As a sixth-round draft pick in the 2014 NFL draft, rookie cornerback Kenneth Acker faces a long and daunting road to ensuring he makes it onto the San Francisco 49ers' final 53-man roster at the conclusion of the preseason.
Sixth-rounders often face uphill battles when it comes to making NFL rosters. Acker is no exception, even considering the slew of offseason changes the 49ers made at the cornerback position.
Ahead of him, Acker has to face stiff competition from incumbents like Tramaine Brock, Chris Culliver, Perrish Cox and Darryl Morris, along with new faces Chris Cook, Jimmie Ward and Dontae Johnson.
All of these players are essentially ranked ahead of Acker on the depth chart, either because of actual NFL experience or higher draft stock.
But Acker has been making a name for himself during training camp thus far, and perhaps his best on-field performance came during San Francisco's second preseason loss at the hands of the Denver Broncos on Sunday, August 17.
There weren't too many positives emanating from the San Francisco side during that game, but Acker certainly carried his own weight.
Acker was on the field for a total of 25 snaps Sunday, per Eric Branch of SF Gate.
But a five-snap series highlighted Acker's accomplishments. During this span in the third quarter, the Southern Methodist project broke up a would-be touchdown pass, nearly recorded an interception (negated by an offsides call against fellow rookie Aaron Lynch) and drew an offensive pass interference penalty.
When asked about the biggest highlight of his day, Acker responded, via Tyler Emerick of 49ers.com:
"I would say the pick, but it got called back, so we can’t talk about that. The pass breakup, I made a nice read and got across the receiver without touching him, so I felt like that was a good play and it showed a little bit of athleticism."
This is obviously a good thing to see from a rookie who posted 128 solo tackles, six interceptions and 32 passes defended over four years at Southern Methodist.
Rookie defensive backs often struggle during the transition from the collegiate to the professional level. Acker will certainly have his setbacks, but performances like the one he gave on Sunday versus the Broncos are obviously a good sign.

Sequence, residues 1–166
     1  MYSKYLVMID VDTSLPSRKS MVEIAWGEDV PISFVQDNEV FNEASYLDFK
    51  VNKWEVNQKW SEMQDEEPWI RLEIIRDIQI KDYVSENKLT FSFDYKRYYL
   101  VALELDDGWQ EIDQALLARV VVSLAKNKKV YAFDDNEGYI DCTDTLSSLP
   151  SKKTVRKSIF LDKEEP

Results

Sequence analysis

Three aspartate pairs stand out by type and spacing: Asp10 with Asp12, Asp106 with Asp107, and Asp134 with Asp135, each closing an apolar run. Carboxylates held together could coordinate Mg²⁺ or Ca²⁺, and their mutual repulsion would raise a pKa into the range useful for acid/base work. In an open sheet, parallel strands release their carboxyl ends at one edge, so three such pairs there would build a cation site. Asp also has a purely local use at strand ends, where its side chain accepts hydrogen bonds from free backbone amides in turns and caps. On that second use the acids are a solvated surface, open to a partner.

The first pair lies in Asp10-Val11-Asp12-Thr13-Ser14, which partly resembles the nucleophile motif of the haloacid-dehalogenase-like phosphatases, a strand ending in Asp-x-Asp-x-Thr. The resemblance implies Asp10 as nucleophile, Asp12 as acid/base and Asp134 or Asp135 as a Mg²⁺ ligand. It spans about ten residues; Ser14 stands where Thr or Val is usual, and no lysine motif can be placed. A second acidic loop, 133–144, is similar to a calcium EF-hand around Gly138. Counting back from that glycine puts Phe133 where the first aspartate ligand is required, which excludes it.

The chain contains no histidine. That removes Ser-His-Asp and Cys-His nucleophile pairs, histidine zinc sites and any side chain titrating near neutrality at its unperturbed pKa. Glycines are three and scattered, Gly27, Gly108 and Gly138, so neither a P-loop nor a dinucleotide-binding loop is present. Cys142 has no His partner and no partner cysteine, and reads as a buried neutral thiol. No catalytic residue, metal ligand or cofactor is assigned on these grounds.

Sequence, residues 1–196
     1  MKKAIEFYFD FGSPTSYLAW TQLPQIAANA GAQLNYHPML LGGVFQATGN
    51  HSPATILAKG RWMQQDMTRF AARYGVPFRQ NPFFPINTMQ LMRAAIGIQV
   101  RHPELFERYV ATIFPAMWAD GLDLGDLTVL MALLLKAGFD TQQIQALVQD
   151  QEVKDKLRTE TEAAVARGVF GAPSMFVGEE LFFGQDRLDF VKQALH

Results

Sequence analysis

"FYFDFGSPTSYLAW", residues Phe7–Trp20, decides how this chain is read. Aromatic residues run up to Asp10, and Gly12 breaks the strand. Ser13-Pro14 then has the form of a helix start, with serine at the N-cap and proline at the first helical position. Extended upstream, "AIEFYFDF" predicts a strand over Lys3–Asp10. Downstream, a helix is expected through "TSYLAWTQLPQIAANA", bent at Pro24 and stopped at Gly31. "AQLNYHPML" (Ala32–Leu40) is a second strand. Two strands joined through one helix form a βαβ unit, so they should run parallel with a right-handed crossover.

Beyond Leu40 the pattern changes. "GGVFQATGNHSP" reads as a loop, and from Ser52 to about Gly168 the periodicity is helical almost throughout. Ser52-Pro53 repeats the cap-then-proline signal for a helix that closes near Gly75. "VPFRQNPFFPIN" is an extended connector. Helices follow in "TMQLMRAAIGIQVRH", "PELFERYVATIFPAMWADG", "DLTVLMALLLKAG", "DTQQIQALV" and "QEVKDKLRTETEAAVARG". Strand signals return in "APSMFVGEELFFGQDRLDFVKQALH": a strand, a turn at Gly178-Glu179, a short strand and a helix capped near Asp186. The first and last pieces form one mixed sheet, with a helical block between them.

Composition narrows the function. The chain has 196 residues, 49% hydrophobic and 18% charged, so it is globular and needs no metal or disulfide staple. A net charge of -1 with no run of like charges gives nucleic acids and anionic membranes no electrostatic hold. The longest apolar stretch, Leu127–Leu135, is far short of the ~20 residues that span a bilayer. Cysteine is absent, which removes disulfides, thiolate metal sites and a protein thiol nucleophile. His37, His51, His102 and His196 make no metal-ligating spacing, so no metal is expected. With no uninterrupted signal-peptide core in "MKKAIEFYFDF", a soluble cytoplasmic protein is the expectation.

But does he make San Francisco's final roster?
This is a much tougher question to ask, obviously. Examining the current depth chart, we should unquestionably tab veterans Brock and Culliver as San Francisco's Nos. 1 and 2 corners. Behind them, we'll likely guess that Ward earns the nod as the team's nickel corner.
Cox and Morris could also put pressure for consideration at slot and in the 49ers' overall plans in formulating their defensive backfield. Cook is another veteran option who has had some nice moments in the preseason thus far.
Perhaps the competition boils down to the battle between Johnson and Acker for a potential final roster spot. Johnson, a fourth-round pick, is two inches taller than Acker—6'2" compared to 6'0". Johnson's higher draft stock also stacks the odds against Acker.
But there are those who feel Acker has turned a vital page in his development.
Doug Williams of NBC Bay Area writes:
"Now, it seems, Acker is still learning and still improving. Niners defensive coordinator Vic Fangio went into this training camp in need of playmakers in the secondary. Recently, Acker is trying to show he belongs."
David Fucillo of Niners Nation goes into a little more detail in determining whether or not Acker fits into the final picture:
It seems like Acker is building a case to either make the roster, or be claimed off waivers. Looking at the 53-man projection from last week, how does he fit in? I think Perrish Cox has all but locked up a spot given that he continues to play with the first team defense while Brock sits. Would they keep 13 defensive backs, or do we see one of the veteran safeties get cut? Another option is releasing Chris Cook. He's shown some things, so I'm not seeing that with any certainty, but maybe he is the last one standing when the music stops.
Granted, one game combined with some promising moments in camp is anything but a guarantee when it comes to making a 53-man roster. Acker certainly falls into this category.
There has been a lot of promise from his perspective, but it complicates the overall picture in formulating San Francisco's secondary entering the 2014 season. As Fucillo writes, Acker is certainly making a case to be on someone's roster if the 49ers elect not to keep him.
If they do decide to place him on the roster, which player does he offset? Or will the 49ers heavily stack up their defensive backfield at the start of the season?
We can't be quite sure just yet.
Regardless, Acker is putting pressure on the remaining cast of San Francisco's cornerbacks—competition the coaching staff loves.
That in and of itself is always a good thing.
Peter Panacy is a featured columnist for Bleacher Report, covering the San Francisco 49ers. Be sure to check out his entire archive on 49ers news, insight and analysis.
Follow @PeterMcShots on Twitter.